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How Facial Recognition Monetizes Fear & Insecurity

Today’s blog covers some of the consequences that arise when businesses, such as PimEyes, use facial recognition technology to monetize people’s fears about their digital identity.


The internet is a prime example of a powerful tool that can be used for good or evil purposes. The discussion of issues, both anticipated and unintended, should not be confused as an indictment of the existence of any specific technology.

The use of facial recognition software has recently exploded. Some applications of this technology are benign, such as using the software to verify identity. However, other applications raise red flags.

What is PimEyes?

PimEyes is a search engine that uses facial recognition technology to search the internet for photos of a specific person. The company uses a monthly subscription model which varies based on number of searches, and number of alerts sent to the user when new photos are uploaded to the internet.

What problems can this cause?

Because PimEyes crawls the internet in search of images paired with a specific facial profile, users must upload a photo before performing a search. Three problems stand out when assessing the cultural impact of this type of technology.

1. PimEyes monetizes fear & insecurity

Why would anyone need to know and catalog every single personal image on the internet? Given the polarized nature of modern culture, it should come as no surprise that many people are concerned about their online reputations.

The permanence and public nature of the internet makes online reputation highly relevant and perpetually fluid. These realities create the perfect environment for companies – like PimEyes – to monetize the fear, insecurity, and curiosity that plagues those concerned with their online reputations.

PimEyes even has an option for people to remove unwanted images from their search results.

2. PimEyes can be used to track anyone

Although PimEyes encourages users not to perform searches on third parties, there is functionally no way to prevent a user from uploading someone else’s image. This makes it easier than ever for people to virtually stalk one another.

The Washington Post reported on the dangers this presents. The company’s director, who ironically chose to remain anonymous, stated, “We don’t encourage people to search for other people — it is their own decision to break the rules.”

However, the decision to “break the rules” can have grave consequences. In the same article, the Post noted that anyone around the globe can use PimEyes or similar technologies to carry out ethically questionable conduct.

For example, a researcher, Conor Nolan, self-deputized himself as an assistant to the FBI, scouring PimEyes for hours in search of possible suspects in the investigation that followed the events of January 6th.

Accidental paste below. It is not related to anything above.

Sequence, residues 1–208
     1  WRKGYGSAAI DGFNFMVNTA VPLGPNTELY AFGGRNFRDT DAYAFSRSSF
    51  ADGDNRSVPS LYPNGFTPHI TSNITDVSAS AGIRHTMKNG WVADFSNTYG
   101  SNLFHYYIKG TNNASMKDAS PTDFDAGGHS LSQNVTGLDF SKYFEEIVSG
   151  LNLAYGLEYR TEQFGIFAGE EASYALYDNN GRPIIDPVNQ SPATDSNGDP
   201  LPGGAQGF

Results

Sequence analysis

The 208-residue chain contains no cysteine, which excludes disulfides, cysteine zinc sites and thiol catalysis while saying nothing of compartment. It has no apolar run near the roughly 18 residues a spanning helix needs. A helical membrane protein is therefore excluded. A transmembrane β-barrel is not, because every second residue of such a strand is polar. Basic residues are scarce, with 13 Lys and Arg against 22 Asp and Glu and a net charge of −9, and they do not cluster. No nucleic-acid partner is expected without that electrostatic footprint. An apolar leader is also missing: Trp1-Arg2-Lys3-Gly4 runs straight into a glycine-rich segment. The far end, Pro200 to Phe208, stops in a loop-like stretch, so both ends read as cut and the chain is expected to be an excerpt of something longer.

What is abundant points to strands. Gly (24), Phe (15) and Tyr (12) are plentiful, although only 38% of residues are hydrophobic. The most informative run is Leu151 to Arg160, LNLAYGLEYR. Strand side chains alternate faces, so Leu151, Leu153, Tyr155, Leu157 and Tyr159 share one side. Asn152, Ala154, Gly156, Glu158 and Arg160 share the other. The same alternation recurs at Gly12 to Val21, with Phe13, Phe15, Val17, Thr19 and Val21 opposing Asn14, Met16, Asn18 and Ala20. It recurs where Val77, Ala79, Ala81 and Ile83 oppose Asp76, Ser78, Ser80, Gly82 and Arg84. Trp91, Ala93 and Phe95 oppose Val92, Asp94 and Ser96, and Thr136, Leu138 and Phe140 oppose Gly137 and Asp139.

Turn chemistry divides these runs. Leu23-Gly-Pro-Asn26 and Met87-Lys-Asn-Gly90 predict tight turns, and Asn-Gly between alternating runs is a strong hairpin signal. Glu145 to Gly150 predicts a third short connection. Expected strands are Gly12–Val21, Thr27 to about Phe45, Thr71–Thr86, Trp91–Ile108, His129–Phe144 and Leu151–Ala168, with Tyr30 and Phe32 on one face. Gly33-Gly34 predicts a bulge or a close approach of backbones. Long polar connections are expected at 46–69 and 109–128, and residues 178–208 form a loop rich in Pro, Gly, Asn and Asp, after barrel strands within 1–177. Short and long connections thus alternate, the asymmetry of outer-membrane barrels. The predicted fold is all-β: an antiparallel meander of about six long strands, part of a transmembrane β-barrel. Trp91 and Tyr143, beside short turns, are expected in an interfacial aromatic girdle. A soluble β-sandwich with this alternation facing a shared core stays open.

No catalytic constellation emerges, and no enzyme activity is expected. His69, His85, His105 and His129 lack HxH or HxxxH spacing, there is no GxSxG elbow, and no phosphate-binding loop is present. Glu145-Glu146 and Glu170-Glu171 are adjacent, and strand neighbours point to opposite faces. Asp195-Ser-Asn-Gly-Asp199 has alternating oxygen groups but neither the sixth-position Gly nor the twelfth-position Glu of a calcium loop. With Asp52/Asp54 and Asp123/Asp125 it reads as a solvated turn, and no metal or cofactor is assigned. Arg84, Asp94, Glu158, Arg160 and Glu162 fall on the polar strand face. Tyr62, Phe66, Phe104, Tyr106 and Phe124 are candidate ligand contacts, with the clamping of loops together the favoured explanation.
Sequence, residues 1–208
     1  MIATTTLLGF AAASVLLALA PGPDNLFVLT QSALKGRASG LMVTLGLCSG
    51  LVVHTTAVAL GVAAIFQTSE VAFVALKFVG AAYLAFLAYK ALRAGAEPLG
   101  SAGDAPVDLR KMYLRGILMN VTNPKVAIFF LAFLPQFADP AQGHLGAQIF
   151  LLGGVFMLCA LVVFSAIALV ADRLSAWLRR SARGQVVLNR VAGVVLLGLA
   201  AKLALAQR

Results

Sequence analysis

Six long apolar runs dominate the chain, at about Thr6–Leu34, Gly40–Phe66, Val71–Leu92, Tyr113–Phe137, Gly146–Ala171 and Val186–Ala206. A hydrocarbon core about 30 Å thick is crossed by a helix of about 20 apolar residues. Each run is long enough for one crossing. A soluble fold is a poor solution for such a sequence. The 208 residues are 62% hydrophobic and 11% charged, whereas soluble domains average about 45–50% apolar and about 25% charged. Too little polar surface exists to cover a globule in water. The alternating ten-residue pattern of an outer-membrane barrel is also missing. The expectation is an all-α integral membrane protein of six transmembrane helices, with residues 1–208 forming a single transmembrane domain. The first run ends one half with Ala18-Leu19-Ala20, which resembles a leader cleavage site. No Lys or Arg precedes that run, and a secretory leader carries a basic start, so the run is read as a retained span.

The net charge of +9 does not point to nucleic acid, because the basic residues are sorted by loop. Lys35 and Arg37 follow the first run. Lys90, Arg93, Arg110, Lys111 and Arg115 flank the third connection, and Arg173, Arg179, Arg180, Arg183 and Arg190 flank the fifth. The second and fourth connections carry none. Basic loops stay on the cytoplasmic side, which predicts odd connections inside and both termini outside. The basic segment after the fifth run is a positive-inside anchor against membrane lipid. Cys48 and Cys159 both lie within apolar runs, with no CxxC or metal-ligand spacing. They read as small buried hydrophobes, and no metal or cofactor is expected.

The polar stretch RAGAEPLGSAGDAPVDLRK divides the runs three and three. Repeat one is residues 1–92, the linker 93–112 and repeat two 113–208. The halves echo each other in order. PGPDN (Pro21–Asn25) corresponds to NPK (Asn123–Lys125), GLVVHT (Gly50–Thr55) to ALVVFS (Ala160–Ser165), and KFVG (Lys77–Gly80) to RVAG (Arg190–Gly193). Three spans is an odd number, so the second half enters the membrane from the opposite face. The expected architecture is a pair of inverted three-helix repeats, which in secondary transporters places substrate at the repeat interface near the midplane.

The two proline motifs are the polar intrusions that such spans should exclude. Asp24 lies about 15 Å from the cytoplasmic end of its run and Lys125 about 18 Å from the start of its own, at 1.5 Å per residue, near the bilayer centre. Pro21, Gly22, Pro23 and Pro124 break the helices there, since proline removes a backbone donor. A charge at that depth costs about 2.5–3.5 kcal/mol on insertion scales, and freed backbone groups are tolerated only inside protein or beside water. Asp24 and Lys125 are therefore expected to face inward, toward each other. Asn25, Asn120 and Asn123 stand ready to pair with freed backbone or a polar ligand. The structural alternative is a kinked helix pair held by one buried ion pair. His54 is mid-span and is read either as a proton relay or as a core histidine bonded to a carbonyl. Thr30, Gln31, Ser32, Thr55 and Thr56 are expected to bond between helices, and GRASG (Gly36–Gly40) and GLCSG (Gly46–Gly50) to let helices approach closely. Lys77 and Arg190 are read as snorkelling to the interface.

However, Nolan lives across the pond in the UK and, aside from an interest in the investigation, appears to have no connection to the FBI or the events that occurred at the US capitol. Despite stating he is “uncomfortable” with the technology, Nolan determined that, “ethics aside,” he would use it again if there was a sufficient “need.”

Using technology in this way brings us to a third concern, namely that PimEyes and similar companies undermine the social trust necessary to stable societies.

3. Facial recognition search engines can incentivize stalking

Aside from encouraging people to self-deputize themselves in the latest politically charged state investigations, facial recognition can be used by abusive individuals who love preying on the insecurity and fear of their targets.

The Washington Post touched on these concerns, citing how social media posts routinely surface in PimEyes searches, despite the company assuring its customers that social media sites are not searched.

Applying facial recognition in this manner can amplify the psychological power abusers have over their victims. Those in abuse situations often live in fear of their abusers tracking their physical whereabouts.

Those who believe blocking users on various social media websites prevents an abuser from accessing important information – such as their physical location history – may be mistaken. The consequences of an abuser physically tracking a victim without the victim’s knowledge can range from benign to dangerous, depending on the specifics of each unique set of circumstances.

Concluding Thoughts

Trust is important and fragile. People living in a society without trust would be a miserable lot of humanity. Unfortunately, the unethical use of facial recognition has the potential to break apart the trust that holds society together.

Facial recognition technology itself is not inherently good or bad. However, it is important to understand how the application of this new technology impacts society. Like all tools, technology can be used for good or nefarious purposes. It is the responsibility of individuals and policymakers to ensure technologies are not abused.